Typically, people with agoraphobia fear being in crowds, standing in line, entering shopping malls, and riding in cars or public transportation. Often, these people restrict themselves to a "zone of safety" that may include only the home or the immediate neighborhood. Any movement beyond the edges of this zone creates mounting anxiety. Sometimes a person with agoraphobia is unable to leave home alone, but can travel if accompanied by a particular family member or friend. Even when they restrict themselves to "safe" situations, most people with agoraphobia continue to have panic attacks at least a few times a month. (Source: excerpt from Understanding Panic Disorder: NIMH)

Panic disorder as a Cause of Symptoms or Medical Conditions

When considering symptoms of Panic disorder, it is also important to consider Panic disorder as a possible cause of other medical conditions. The Disease Database lists the following medical conditions that Panic disorder may cause:

- (Source - Diseases Database)

Panic disorder as a symptom:

For a more detailed analysis of Panic disorder as a symptom, including causes, drug side effect causes, and drug interaction causes, please see our Symptom Center information for Panic disorder.

Symptom statistics for Panic disorder:

The following are statistics from various sources about the symptoms of Panic disorder or signs of Panic disorder:

  • 87% self-reported palpitations (extra heartbeats) in panic attacks1
  • 82% self-reported fear of loss of control symptoms in panic attacks1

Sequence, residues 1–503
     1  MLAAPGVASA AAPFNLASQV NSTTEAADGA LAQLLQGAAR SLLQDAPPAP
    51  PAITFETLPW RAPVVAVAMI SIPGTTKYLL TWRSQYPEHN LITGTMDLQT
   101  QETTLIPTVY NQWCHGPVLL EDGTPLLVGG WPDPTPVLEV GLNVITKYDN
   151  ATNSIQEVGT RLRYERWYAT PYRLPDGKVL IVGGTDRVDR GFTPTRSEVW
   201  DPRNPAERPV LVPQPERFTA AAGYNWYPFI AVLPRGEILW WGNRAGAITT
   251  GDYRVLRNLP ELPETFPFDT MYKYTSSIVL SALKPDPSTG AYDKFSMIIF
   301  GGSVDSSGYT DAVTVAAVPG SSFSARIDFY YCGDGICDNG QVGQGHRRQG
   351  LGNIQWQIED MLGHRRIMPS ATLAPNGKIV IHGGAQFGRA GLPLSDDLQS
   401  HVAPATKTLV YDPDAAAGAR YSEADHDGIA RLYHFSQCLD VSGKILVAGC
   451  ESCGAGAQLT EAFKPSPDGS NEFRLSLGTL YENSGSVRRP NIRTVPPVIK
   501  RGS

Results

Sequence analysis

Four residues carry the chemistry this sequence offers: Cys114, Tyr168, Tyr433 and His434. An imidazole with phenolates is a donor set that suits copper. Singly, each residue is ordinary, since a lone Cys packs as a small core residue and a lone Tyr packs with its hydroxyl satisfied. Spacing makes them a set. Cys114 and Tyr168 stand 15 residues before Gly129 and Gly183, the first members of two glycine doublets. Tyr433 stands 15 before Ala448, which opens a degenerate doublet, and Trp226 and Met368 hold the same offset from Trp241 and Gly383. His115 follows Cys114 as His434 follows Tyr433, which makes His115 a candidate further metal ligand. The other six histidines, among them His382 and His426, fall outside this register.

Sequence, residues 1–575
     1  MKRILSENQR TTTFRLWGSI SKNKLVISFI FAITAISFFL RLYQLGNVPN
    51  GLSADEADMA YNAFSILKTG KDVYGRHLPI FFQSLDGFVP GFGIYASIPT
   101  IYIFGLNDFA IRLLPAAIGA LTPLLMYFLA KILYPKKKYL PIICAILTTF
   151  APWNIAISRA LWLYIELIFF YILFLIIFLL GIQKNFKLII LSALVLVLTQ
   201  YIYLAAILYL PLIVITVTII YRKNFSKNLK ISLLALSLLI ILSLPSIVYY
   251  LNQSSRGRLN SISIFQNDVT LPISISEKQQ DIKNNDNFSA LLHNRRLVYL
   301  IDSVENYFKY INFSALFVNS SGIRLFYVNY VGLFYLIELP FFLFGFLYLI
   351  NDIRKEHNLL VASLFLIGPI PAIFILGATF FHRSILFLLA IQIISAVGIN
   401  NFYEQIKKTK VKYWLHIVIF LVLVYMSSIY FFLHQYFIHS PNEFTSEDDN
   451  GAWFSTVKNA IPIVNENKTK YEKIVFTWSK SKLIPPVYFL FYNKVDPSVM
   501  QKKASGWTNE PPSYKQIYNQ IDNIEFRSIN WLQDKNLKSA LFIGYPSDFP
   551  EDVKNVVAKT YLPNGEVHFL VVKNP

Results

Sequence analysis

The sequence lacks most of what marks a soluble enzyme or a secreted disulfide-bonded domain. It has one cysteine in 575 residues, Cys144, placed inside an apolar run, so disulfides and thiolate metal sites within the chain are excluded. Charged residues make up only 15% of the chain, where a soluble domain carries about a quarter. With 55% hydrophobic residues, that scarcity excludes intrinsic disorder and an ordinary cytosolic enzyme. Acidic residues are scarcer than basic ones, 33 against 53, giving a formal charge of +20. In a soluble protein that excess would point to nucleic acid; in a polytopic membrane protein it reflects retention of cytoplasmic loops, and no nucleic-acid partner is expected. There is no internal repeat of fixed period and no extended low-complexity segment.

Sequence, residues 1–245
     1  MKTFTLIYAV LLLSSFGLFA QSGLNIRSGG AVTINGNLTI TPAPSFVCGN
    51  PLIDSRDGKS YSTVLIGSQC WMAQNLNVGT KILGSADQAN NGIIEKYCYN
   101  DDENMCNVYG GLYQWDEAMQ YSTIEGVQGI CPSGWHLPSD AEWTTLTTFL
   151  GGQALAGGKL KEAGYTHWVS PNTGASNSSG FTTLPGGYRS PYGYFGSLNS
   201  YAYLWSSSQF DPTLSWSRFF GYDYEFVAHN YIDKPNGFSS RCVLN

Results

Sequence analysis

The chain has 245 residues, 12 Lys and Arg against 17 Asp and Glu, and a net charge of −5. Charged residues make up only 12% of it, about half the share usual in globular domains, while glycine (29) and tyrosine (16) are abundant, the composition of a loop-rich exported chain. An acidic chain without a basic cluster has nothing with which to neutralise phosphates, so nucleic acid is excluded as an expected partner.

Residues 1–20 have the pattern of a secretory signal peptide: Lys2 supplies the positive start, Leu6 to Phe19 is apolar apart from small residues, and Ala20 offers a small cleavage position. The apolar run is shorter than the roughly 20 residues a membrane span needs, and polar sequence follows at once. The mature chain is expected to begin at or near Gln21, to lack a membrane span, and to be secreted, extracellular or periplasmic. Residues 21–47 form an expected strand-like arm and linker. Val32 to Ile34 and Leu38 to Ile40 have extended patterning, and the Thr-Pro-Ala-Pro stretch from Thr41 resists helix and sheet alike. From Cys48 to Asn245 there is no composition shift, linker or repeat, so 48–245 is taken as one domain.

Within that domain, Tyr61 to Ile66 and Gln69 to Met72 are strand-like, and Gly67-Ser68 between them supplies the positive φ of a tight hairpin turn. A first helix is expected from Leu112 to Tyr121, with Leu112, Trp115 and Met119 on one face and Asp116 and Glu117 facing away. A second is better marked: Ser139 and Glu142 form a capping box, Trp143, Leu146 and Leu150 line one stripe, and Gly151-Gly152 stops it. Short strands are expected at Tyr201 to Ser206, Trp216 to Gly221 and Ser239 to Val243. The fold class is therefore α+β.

• 71% self-reported dizziness or fainting-like symptoms in panic attacks1
  • 64% self-reported sweating symptoms in panic attacks1
  • 62% self-reported breathing difficulty symptoms in panic attacks1
  • 49% self-reported detachment with reality type symptoms in panic attacks1
  • 44% self-reported fear of dying type symptoms in panic attacks1
  • 42% self-reported paresthesia/tingling/numbness symptoms in panic attacks1
  • 33% self-reported nausea or abdominal symptoms in panic attacks1
  • 33% self-reported "going crazy" type symptoms in panic attacks1
  • 18% self-reported "choking" type symptoms in panic attacks1
  • more statistics...»

Medical articles and books on symptoms:

These general reference articles may be of interest in relation to medical signs and symptoms of disease in general:

About signs and symptoms of Panic disorder:

The symptom information on this page attempts to provide a list of some possible signs and symptoms of Panic disorder. This signs and symptoms information for Panic disorder has been gathered from various sources, may not be fully accurate, and may not be the full list of Panic disorder signs or Panic disorder symptoms. Furthermore, signs and symptoms of Panic disorder may vary on an individual basis for each patient. Only your doctor can provide adequate diagnosis of any signs or symptoms and whether they are indeed Panic disorder symptoms.

1. Taylor, Steven, "Understanding and Treating Panic Disorder: Cognitive-Behavioral Approaches", John Wiley & Sons, 2000 citing Rapee, R.M., Craske, M.G., Barlow, D.H., Subject-described features of panic attacks using self-monitoring, Journal of Anxiety Disorders, 171-181, 1999

By using this site you agree to our Terms of Use. Information provided on this site is for informational purposes only; it is not intended as a substitute for advice from your own medical team. The information on this site is not to be used for diagnosing or treating any health concerns you may have - please contact your physician or health care professional for all your medical needs. Please see our Terms of Use.

Home | Symptoms | Diseases | Diagnosis | Videos | Tools | Forum | About Us | Terms of Use | Privacy Policy | Site Map | Advertise